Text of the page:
That was 5 years ago and I have had lots of lady bugs and green lacewings in my garden every since. My trees where being infested with San Jose scale, aphids and whiteflies this year. I was going to spray but put Tanglefoot on my trees while I researched the safest pesticides. After I put the Tanglefoot on I sprayed my trees with water to knock off all the bugs I could. As luck would have it the lady bugs and green lacewings are now thriving, the Tanglefoot is full of ants and bad bugs. No need for pesticides anymore.

I put the lady bugs out a little at a time over a weeks period. They stay fairly dormant in the refrigerator and get by on a little water squirted in the bag from a spray bottle. A lot flew away the next day I'm sure but some stayed and each day I put out more and each day some more would stay.

I purchased mine from the company in the link below because they are close to me and insects have a short shelf life. If they sit in a hot mail box they won't last very long and all you will have is a box full of dead bugs.

Here is a link that might be useful: Garden Insects

    Bookmark   April 14, 2010 at 2:00AM
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olpea(zone 6 KS)

My story with ladybugs:

I spray like mad and still get lots of ladybugs. In the early spring they die and accumulate inside under our windows. I suppose they overwinter in our attic.

Early on, when I was into the organic thing, I believe it was Gardens Alive that ran a special on lady bugs. My wife and I got a 1000 of them. We released them and never told a soul. Later that fall, one of the neighbors was complaining of all the ladybuds around. We just listened and suppressed our laughs.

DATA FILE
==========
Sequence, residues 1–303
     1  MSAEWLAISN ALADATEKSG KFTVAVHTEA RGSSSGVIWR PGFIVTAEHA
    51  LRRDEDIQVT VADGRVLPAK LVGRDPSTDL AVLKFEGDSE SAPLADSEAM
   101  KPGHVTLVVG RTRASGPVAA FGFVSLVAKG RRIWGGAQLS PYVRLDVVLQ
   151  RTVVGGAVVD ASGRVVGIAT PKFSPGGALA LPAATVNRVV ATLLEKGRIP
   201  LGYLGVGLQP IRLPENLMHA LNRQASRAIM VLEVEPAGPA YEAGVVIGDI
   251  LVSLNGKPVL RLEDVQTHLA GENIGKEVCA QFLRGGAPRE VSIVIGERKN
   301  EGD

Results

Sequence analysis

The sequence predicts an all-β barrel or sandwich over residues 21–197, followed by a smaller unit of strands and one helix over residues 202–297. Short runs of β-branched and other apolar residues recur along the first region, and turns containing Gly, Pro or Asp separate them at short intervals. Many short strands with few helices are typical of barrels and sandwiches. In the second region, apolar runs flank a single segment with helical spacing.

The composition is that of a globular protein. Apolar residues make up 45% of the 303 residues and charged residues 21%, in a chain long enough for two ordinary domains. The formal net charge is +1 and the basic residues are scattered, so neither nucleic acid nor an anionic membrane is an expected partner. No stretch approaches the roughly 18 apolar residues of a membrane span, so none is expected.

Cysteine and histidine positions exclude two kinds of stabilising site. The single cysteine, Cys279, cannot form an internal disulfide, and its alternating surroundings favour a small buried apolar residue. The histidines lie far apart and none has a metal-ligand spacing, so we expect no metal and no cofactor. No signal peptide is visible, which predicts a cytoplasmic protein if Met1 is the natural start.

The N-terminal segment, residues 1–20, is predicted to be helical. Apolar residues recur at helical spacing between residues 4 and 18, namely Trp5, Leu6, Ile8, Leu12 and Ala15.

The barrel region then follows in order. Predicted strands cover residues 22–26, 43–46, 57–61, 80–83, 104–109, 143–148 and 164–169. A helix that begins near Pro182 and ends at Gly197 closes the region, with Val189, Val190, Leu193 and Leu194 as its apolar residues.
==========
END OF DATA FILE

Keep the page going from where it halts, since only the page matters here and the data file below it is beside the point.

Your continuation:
Strangely, the asian lady beetle has become a pest in wine grapes. Apparently, they hide in the bunches and give an off-flavor to the wine when squeezed. Something like one or two ladybugs per ton is enough to cause rejection of loads. Several insecticides have recently been registered to control asian lady beetle in wine grapes.

    Bookmark   April 14, 2010 at 7:47PM
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maryneedssleep(5a (PA))

I bought some ladybugs a couple years ago for the (organic) veggie garden. They ate some aphids then mostly disappeared. The aphid population quickly recovered, although I only saw a few ladybugs all summer.

I've heard if you want to increase the chances of ladybugs staying around, you need to control the ant population. Controlling the ants may itself help control aphids if you're finding ants around aphids in your fruit trees. I tried Tanglefoot sticky barriers around the fruit trees last year. It seemed to help, but it wasn't enough of a test to really say much. The Tanglefoot seemed difficult to work with so I'm not sure if I'll use it again.

    Bookmark   April 15, 2010 at 9:38PM
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tbaleno

Just to add to the conversation. I saw asian ladybugs on my fruit trees and started googling to see if this was good or bad. Thats how I found this thread. Apparently it is a good thing from what everyone is saying (even though I hate when they get in the house.) I think the reason I saw them in the trees is because this year I used tanglefoot. I have a lot of ants in my yard. I have so many ants it looks like a war zone with all their ant holes. The problem with ants is they like the secretions of the aphids so they will protect the aphids from the ladybugs. So you need to make sure the ants aren't attacking the ladybugs or releasing ladybugs probably won't do much.

    Bookmark   May 2, 2010 at 11:53AM